Audi Q6 e-tron Details Revealed

Audi’s new Q6 e-tron rides on the same new platform as the Porsche Macan and aims to offer most of what you love about the Q8 e-tron but for less cash

The Audi Q6 e-tron looks like a winner

Just a couple of months ago, Porsche unveiled the Macan EV, an all-new, all-electric crossover, to positive reviews. Now, Audi is following the same path with the same platform in hopes of getting the same positive reaction. While we haven’t driven the new Q6 e-tron we do have all the details about what makes it special, how far it can go on a single charge, how long it’ll take the battery to fill back up, and more.

The Exterior Design is Pure Audi

2025 Audi Q6 e-tron exterior -
2025 Audi Q6 e-tron exterior -

Anyone familiar with the new Macan EV will immediately recognize the Q6 e-tron as the same shape but perhaps with a more muscular suit on. Audi blended several unique design details into the Q6 e-tron that aren’t incorporated into the Porsche. For example, each quarter panel features a “Quattro Blister” which is PR-speak for a hard flat crease above the wheel arch. It’s meant to evoke the same style as the e-tron GT.

Just above the side skirt and below the main body of the car are aprons that signify the location of the battery, what Audi calls the “heart” of the car lies. Both the front and rear feature unique lighting that, sadly, we won’t get in the US. It’s comprised of Audi’s Matrix technology along with “living” lighting that can adapt and change to suit the situation on the road. For example, when the Hazard button is engaged, a small red triangle pops up in each tail light. In addition, customers can customize their DRL signature and tail light signature.

Interior Design

2025 Audi Q6 e-tron interior -
2025 Audi Q6 e-tron interior -

If there’s something Audi always does well it’s cabin design. The Q6 e-tron is no different. The controls are logically laid out, the steering wheel features buttons that provide real clickable feedback along with a haptic pulse, and the seating is generous enough for four adults without issue. The digital instrument cluster measures 11.9 inches and is highly configurable. We especially like Audi’s digital cockpit feature.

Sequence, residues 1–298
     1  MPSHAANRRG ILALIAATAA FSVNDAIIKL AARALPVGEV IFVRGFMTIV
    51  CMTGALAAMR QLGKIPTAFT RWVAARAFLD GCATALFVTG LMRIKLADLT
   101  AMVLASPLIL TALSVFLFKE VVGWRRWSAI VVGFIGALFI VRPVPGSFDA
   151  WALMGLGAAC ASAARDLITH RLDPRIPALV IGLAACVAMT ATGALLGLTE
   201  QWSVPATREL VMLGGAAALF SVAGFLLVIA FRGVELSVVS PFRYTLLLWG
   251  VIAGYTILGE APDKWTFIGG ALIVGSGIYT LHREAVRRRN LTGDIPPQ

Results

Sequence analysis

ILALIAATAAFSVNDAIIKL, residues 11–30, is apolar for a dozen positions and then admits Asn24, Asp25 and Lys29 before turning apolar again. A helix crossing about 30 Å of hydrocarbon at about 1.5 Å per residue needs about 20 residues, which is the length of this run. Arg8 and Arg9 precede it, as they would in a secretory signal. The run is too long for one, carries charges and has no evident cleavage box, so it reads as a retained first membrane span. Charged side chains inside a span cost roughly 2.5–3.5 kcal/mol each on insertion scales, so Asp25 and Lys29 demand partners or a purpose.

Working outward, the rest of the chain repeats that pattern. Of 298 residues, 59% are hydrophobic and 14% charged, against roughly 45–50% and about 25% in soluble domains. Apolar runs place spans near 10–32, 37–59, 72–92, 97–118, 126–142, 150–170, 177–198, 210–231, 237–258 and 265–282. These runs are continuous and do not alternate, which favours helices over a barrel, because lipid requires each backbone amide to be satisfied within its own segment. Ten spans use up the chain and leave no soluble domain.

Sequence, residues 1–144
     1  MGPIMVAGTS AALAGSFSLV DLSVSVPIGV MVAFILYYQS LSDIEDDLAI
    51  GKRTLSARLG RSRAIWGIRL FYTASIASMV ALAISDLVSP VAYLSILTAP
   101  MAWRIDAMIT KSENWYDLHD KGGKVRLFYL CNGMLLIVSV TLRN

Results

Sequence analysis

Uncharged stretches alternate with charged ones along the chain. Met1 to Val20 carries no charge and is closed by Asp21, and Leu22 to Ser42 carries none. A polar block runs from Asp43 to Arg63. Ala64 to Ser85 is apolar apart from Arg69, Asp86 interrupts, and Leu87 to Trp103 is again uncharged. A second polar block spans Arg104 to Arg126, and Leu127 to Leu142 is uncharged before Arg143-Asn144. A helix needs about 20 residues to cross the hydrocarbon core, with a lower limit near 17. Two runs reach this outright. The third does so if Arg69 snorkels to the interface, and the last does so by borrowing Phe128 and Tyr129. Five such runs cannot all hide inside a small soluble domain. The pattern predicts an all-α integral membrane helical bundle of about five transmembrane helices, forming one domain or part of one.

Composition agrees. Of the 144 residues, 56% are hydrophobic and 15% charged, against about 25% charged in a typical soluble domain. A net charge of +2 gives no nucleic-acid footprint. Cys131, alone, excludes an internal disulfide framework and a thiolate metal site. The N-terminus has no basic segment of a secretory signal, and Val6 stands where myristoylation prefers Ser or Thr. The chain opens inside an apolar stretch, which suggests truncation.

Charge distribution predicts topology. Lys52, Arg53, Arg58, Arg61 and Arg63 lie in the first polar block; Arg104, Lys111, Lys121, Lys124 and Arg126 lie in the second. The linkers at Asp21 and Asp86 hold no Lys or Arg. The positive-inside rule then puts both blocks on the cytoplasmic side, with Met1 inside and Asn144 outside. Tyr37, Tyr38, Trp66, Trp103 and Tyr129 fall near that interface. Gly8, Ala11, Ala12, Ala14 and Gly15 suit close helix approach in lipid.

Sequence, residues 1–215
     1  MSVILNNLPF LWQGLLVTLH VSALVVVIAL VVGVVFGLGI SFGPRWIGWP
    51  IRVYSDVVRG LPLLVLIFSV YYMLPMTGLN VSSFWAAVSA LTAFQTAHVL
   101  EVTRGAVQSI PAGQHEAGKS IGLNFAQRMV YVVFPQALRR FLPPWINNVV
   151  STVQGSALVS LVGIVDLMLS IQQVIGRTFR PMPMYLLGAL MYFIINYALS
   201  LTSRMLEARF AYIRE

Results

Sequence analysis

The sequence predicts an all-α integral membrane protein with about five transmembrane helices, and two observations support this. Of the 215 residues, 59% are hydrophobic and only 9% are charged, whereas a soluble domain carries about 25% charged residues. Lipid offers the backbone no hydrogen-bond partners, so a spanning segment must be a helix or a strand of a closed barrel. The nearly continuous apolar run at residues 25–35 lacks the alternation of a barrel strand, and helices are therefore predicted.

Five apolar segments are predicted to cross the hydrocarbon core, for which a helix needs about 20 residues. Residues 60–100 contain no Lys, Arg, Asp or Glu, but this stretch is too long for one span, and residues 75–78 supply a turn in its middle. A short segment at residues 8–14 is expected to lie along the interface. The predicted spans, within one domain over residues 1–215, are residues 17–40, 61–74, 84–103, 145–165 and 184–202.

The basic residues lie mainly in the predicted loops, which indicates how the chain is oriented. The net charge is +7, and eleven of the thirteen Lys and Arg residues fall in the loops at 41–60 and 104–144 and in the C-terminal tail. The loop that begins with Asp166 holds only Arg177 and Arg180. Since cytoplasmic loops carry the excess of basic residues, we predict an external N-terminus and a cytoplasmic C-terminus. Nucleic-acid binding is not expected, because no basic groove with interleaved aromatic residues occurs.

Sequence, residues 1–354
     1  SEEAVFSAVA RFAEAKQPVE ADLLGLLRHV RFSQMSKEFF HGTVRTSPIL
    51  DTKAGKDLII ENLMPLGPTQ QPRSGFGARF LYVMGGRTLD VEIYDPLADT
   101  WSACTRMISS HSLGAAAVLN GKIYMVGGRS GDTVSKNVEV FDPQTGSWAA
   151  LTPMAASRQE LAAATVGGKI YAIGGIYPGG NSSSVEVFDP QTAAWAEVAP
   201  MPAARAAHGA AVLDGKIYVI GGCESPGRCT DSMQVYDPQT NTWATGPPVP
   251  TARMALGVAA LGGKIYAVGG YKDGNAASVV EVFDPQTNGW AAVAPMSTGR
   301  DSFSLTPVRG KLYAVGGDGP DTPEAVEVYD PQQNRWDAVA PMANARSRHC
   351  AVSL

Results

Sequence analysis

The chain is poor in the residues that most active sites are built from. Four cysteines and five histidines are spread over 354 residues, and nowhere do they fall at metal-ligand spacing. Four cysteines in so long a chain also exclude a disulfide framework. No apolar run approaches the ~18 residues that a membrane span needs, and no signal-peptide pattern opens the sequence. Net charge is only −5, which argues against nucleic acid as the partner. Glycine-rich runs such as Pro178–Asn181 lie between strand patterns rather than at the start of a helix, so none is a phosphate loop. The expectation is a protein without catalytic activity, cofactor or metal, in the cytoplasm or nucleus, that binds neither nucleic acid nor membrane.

The center infotainment system is 14.5 inches wide and uses Audi’s own version of Android. From what we’ve seen it appears to be quite quick. If it’s anything like the Q8 e-tron it’ll be great. New for the Q6 e-tron is a smaller 10.9-inch passenger infotainment display which enables the person in that seat to have their own media experience. It even features technology that prevents the driver from seeing it, similar to the Jeep Grand Cherokee.

Impressive Power, Range, And Charging

2025 Audi Q6 e-tron -
2025 Audi Q6 e-tron -

Audi uses a new 800-volt foundation for this car called the Premium Platform Electric. It leverages a 94.4 kWh battery pack and a pair of motors to provide standard AWD and no less than 300 miles of range. At the time of this writing, Audi hasn’t released EPA range estimates but simply says that it won’t be less than 300 miles.

The base version at launch will make 422 horsepower with a boost mode that enables it to make up to 456 horsepower for short spurts. An SQ6 e-tron is also coming at launch and it’ll make 483 horsepower. Engage boost mode in it and you’ll enjoy 510 horsepower. Again, Audi is coy about how much range each will boast.

2025 Audi Q6 e-tron charging -
2025 Audi Q6 e-tron charging -

What it isn’t shy about saying is that they’ll both charge up quickly. The Q6 e-tron can charge at up to 270 kW if you can find a charger that supports such speed. In ideal conditions, Q6 e-tron drivers could add 150 miles of range in just 10 minutes. A longer stop from 10 percent to 80 percent would only take 21 minutes. That’s outstanding.

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Stephen Rivers

Stephen Rivers is a car enthusiast who loves all things built with passion, extending to nearly all car cultures. After obtaining an occupational studies degree in sports medicine, Stephen turned his attention to sports cars. He was employed as an auto shop manager, spent time in auto sales, and worked as a software developer for a racing company, but Stephen began writing about cars over 10 years ago. When he's not in front of a computer screen, he's racing his own Bugeye Subaru WRX in as many autocross and rallycross competitions as he can.

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